*** out of **** Tobe Hooper's "Eaten Alive" is a film so tasteless and sleazy that literally the first few words of dialogue spoken are by Robert Englund as Buck, who is as he says, "fixin' to fuck". You might recognize this line of dialogue because it was slightly altered by Quentin Tarantino for his film "Kill Bill: Volume 1". So you see, in spite of the obvious shit - yes, the film is bad, bad, bad all around and there's literally nothing morally redeemable about it -, the film has its admirers. And I'll be damned if I'm not one of them. I've come to the realization lately that I simply love me my sleaze. If I don't get my dose of sleaze at least once or twice a week, I'm rendered incapable of doing much for the remainder of it. That's just how I am. By no means do I consider these sleaze-fests good movies (at least not by my definition, but I'm not afraid to admit that I really do enjoy the hell out of them on occasion. They should be judged for what they are, not for what they aren't. The story...oh who gives a rat's ass? It's about a repulsive and sadistic hotel owner named Judd (Neville Brand) who kills people that he believes are looking to interfere with his ill-fated business and feeds their bleeding corpses to his pet alligator. He starts with a young prostitute (Roberta Collins) for no reason other than the fact that she's a prostitute, or in this case (she's just been evicted from the whorehouse), a former-prostitute. Then he moves onto a family whose dog is eaten by the alligator, putting the young child of the bunch in turmoil and pissing off the parents. The dad hopes to shoot the animal dead; and you see, this just doesn't sit too well with ol' Judd. He carries out the heavy duty with his trusty scythe. To me, good sleaze hits just the right notes between bizarre, silly, and exploitative. "Eaten Alive" explores all three of those areas and scores big in such departments. In fact, those are the only three departments of cinema that it knows at all. It's a dumb, bloated movie; Hooper's first foray into Hollywood filmmaking and certainly not his last, yet certainly not his worst. It's not as stark and effective as TCM but if you can somehow stop yourself from comparing it to that film so much, it's a pretty fun ride. Like all good sleazy horror flicks, there's an attitude to the exploitation. The thing is weird and wild; which makes it all the more exciting to watch. Englund's Buck and Brand's Judd get the best scenes. In fact, they alone create horror movie history; if only a mild contribution (but still, it's a contribution nonetheless). Buck is as sleazy as the movie itself; a psychopathic sex addict who frequents the local brothels and even stops in at Judd's hotel for a night, one which he shall not soon forget. And Judd, well, he's just a really menacing guy; and Brand plays the crazy fucker real well. Both performances are unhinged and fearless, which is precisely what I like about them. Just like the rest of the film, not a single thing about either character is believable; although people like them certainly do exist. Remember that this was made even before TCM was considered somewhat respectable: so nobody on board was really looking for much respect, yet they got some anyways. And you know what; I'd have to say they damn well deserve it. "Eaten Alive" is what it is - a stupid, absurdist horror-exploitation picture that revels in its own infectious excrement. I liked it enough - the sets and animal props may be cheesy as fuck and the violence may exactly be aplenty but Hooper still retains an interesting visual style through grainy camerawork that occasionally gets a little inventive - although I recognize that it's not for everyone. You need to go in knowing that this is not a good movie, but a good exploitation film. Those are two COMPLETELY - and I mean it - different things. But like I said, the film should be judged for what it is and not for what it isn't. And it's an honest reminder of how good the VHS days of horror used to be. It serves as thoughtful nostalgia to some; someday I imagine I'll look back on it quite fondly. Because I'm one demented bastard love child. If you are too, then feel free to rejoice with this fancily ferocious fright flick.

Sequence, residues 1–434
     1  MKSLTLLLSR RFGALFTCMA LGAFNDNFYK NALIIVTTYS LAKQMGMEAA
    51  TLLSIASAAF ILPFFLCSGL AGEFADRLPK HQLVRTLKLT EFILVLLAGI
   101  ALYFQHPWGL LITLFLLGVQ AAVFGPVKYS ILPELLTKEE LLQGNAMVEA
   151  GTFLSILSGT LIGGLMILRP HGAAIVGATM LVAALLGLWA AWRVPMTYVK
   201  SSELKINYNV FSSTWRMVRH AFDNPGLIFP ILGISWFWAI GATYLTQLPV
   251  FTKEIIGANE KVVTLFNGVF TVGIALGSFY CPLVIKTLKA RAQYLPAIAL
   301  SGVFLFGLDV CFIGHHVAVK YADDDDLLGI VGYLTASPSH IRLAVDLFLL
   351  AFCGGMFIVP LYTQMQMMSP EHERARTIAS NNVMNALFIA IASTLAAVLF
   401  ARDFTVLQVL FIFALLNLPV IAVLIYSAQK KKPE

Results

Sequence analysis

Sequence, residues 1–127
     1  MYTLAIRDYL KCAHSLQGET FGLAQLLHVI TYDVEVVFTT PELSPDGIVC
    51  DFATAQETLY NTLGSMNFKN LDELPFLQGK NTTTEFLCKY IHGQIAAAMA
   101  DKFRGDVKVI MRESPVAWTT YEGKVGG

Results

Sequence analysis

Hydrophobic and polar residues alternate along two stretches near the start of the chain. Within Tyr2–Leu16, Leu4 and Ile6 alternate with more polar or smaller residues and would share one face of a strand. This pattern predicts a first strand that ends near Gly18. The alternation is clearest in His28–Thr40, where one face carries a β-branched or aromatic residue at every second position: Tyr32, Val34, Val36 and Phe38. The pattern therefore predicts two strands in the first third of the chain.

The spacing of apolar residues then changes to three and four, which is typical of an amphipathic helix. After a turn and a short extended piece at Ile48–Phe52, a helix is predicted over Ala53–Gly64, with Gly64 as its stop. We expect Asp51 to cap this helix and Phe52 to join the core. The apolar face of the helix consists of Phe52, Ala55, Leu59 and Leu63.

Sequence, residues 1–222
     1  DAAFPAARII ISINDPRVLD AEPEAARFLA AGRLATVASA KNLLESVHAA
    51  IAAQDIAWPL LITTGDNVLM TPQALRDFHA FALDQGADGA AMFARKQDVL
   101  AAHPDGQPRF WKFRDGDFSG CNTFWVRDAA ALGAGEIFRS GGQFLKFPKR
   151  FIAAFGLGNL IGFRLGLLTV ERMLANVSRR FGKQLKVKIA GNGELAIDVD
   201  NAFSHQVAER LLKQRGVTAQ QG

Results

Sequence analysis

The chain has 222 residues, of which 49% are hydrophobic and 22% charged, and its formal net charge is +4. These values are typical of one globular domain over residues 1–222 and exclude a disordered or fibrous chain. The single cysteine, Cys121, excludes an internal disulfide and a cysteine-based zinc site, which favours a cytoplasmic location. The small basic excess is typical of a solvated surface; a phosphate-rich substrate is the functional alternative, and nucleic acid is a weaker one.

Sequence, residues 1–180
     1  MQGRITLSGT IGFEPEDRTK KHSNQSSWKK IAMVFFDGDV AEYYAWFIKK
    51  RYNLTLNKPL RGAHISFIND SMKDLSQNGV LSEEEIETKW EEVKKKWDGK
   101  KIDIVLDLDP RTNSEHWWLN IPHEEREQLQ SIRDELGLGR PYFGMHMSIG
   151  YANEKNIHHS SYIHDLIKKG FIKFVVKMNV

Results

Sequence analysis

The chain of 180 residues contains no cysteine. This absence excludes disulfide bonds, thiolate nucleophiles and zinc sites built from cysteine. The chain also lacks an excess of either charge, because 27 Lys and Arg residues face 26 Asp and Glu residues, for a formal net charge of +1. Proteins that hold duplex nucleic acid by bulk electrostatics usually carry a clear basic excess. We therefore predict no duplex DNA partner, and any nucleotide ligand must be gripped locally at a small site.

Ryan Marshall
Ryan Marshall

Super Reviewer

How did Tobe Hooper retrogress so far as to go from 'Texas Chainsaw', my absolute favorite horror film to this sophomore effort which could rank as one of the worst? The gap is quality is astonishing as are the formulaic similarities. Neville Brand is a rabid hotel owner, but he is not spine-tingling; he is just unkempt, shambling and tiresome doppelganger of Scott Glenn. The film is also extremely redundant with the same patterned structure: guests arrive and shortly after, Brand attacks them with a scythe. On top of that, the assaults are ineptly directed (a struggle on the stairs is very clumsy) and the crocodile is rarely shown. The whole film looks like it was filmed on a horribly artificial soundstage with fog pumped in and lit with a distracting red gel. In summary, 'Eaten Alive' is sluggish, shallow junk that is scored with a shrill, frequency-scrambling soundtrack and edited with anticlimactic crossfades. At least Robert Englund's scenery-chewing Bud character inspired Tarantino for 'Kill Bill'.

Cory Taylor
Cory Taylor

Super Reviewer

Not really that great. A mess of madcap insanity.

Tim Salmons
Tim Salmons

Super Reviewer